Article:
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Analyzing the Growing Ties Between Saudi Arabia and China

While the U.S. attempts to broker a new nuclear deal with the Islamic Republic of Iran, the Kingdom of Saudi Arabia (KSA) and the People’s Republic of China (PRC) are increasing economic ties and cooperation.

  • On March 10, 2022, Saudi Aramco, the largest oil company globally, “finalized an investment” decision to build a major refinery and petrochemical complex in Northeast China. Aramco partnered with China-based North Huajin Chemical Industries Group Corporation and Panjin Xincheng Industrial Group and will supply the complex with 210,000 barrels of crude oil per day.
  • On March 15, 2022, the Wall Street Journal reported the Kingdom of Saudi Arabia was “in talks” with China to sell some of its oil in Yuan instead of the U.S. dollar.

Saudi Arabia exports more oil to China than anywhere else globally. The potential for Saudi Arabia to sell its oil to China in Yuan, not U.S. dollars, could lessen the dollar’s influence as the world’s reserve currency. Additionally, China’s growing relationship with the Kingdom of Saudi Arabia may increase tensions between the United States and the KSA.

For this brief, Overwatch analyzed the growing ties between Saudi Arabia and China, identifying more economic cooperation as well as their expanding relationship in defense, militarily, in Artificial Intelligence (AI) and geospatial technology. China’s stronger relations with KSA could undermine the U.S. presence in the Middle East, giving China significant influence in the region.

A timeline of relations from February 2021 – Current Day

  • In February 2021, KSA Foreign Affairs Minister Faisal bin Farhan Al-Saud told Chinese Foreign Minister Wang Yi that Saudi Arabia gives priority to the Saudi-China relationship.
  • In March 2021, Saudi Aramco said its relationship with China is its main energy priority for the next 50 years.
  • Also, in March 2021, KSA said that it supports China’s positions of Xinjiang and Hong Kong.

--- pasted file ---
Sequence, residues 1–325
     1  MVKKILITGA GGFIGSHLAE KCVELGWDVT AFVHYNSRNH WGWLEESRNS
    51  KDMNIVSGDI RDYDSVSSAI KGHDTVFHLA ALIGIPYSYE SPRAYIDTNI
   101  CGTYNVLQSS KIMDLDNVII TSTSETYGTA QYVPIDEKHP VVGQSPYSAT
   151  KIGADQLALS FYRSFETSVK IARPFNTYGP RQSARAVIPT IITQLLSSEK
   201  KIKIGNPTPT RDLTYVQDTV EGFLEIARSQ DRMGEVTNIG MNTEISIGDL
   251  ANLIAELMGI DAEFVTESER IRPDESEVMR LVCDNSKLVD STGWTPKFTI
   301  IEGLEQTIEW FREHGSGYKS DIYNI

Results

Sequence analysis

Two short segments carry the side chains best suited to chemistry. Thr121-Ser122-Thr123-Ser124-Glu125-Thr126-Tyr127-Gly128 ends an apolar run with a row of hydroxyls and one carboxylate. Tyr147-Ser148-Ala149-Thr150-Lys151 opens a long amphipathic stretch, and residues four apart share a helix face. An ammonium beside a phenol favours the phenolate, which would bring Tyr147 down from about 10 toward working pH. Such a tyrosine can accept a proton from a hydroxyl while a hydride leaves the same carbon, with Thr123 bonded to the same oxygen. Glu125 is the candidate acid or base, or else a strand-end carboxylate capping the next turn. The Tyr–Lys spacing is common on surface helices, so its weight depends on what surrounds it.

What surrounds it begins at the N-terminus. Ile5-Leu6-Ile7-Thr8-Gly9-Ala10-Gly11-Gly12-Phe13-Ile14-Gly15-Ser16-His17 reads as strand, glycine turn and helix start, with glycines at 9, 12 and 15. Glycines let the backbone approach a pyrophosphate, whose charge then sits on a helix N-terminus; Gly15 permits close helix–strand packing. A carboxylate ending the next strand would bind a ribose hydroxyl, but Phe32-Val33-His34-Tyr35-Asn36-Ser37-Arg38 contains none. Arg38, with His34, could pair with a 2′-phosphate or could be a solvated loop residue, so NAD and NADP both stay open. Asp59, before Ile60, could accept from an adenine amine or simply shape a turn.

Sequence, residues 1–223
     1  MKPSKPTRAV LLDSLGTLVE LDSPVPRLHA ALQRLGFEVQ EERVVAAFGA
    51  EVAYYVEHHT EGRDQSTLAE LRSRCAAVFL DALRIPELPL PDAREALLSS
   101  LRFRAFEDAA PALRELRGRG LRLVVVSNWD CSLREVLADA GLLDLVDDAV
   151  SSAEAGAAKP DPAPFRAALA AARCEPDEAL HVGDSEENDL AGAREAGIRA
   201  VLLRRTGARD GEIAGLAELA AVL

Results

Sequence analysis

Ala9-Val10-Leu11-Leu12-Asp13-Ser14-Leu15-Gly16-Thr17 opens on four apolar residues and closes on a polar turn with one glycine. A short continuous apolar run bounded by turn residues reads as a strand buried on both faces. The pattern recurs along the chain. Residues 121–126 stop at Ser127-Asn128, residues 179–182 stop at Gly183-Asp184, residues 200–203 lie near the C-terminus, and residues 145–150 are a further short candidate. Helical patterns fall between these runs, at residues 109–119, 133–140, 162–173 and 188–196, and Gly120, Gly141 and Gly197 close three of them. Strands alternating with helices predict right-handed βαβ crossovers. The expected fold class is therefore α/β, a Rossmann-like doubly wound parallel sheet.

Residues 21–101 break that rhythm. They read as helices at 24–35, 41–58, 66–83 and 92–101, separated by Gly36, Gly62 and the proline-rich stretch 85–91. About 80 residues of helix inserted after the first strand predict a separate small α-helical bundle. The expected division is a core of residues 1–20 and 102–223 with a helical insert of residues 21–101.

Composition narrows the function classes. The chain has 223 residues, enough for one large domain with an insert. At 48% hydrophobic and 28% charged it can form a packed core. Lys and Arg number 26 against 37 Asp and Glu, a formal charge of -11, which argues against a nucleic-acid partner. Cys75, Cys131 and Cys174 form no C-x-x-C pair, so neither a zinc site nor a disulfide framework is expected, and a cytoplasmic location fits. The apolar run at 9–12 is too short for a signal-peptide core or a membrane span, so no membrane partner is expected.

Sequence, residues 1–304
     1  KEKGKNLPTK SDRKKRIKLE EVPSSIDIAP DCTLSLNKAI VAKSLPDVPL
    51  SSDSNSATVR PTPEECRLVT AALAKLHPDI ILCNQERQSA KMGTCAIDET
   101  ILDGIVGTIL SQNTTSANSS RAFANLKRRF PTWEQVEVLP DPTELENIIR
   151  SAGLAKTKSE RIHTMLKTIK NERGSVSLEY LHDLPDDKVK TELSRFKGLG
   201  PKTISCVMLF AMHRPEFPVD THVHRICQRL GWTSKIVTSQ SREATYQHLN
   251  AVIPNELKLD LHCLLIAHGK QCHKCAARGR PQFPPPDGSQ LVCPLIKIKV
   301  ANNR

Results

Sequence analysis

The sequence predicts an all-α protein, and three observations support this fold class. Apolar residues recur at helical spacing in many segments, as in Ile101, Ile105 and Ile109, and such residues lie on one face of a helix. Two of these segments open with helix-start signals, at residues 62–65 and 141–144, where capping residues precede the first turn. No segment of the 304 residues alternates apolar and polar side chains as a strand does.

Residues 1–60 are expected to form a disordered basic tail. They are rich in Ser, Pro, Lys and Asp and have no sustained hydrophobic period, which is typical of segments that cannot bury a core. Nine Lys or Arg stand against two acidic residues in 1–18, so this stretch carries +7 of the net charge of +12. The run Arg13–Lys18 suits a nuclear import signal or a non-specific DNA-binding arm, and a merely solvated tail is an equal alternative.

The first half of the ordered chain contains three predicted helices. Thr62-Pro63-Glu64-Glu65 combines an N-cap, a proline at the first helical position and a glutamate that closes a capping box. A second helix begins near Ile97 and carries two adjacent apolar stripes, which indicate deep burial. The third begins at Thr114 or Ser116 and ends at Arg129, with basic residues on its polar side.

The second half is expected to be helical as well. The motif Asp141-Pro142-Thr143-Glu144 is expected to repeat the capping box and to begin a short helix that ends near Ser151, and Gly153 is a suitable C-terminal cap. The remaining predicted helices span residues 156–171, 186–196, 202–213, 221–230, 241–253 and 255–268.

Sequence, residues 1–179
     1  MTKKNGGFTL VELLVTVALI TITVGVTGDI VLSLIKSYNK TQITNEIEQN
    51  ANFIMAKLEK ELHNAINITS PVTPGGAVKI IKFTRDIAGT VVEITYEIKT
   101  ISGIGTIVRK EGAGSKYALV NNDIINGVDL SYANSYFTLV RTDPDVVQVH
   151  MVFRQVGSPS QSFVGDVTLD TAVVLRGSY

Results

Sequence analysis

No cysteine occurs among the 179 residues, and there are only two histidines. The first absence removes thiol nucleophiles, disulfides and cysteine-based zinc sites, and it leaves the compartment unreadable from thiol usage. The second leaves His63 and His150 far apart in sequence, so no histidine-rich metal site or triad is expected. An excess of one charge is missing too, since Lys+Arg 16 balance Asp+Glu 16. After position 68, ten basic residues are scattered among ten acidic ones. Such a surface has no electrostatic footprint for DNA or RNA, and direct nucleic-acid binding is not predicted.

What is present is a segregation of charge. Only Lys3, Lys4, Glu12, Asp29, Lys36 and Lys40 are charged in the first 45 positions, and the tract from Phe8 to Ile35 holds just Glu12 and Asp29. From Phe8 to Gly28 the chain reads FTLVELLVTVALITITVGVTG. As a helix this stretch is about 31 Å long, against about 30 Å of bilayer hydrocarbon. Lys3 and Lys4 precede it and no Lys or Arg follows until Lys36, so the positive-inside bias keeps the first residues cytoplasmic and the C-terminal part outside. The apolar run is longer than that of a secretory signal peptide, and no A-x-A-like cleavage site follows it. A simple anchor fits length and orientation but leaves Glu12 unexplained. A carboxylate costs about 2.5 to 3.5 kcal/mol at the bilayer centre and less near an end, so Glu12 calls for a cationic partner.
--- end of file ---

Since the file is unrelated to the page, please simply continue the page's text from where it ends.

• In April 2021, Saudi Crown Prince Mohammed Bin Salman asked Chinese President Xi Jinping to merge KSA’s Vision 2030 and China’s Belt and Road Initiative. Saudi Arabia’s Vision 2030 aims to create a more diverse and sustainable economy, be a driver of international trade, and further connect Africa, Asia, and Europe through trade. China’s Belt and Road Initiative is a global infrastructure program that seeks to connect all trade routes in Africa, Asia, and Europe to China. Currently, 145 countries have signed a memorandum of understanding with the PRC to join its Belt and Road Initiative.
  • In June 2021, the Saudi Chinese Business Council met via teleconference to discuss increasing bilateral trade.
  • In December 2021, a report indicated that China was providing technical assistance to Saudi Arabia in building ballistic missiles.
  • In January 2022, Saudi Arabia said it would deport two Muslim Uyghurs back to China, who have been held in the country without any trial since November 2020.
  • Additionally, in January 2022, Chinese Minister of National Defense Wei Fenghe and KSA’s Deputy Defense Minister Khalid Bin Salman agreed to improve cooperation between each nation’s military.
  • In February 2022, Huawei launched its largest overseas store in Saudi Arabia’s capital, Riyadh. In addition, the Saudi Digital Academy signed a memorandum of understanding with Huawei to develop local talent. Saudi Arabia’s goal is to send 8,000 Saudis to Huawei-approved centers to learn about AI, cyber security, 5G, and cloud computing.
  • In March 2022, Saudi Arabia’s Advanced Communications and Electronics Systems Co. signed an agreement with China Electronics Technology Group Corp to build military drones together.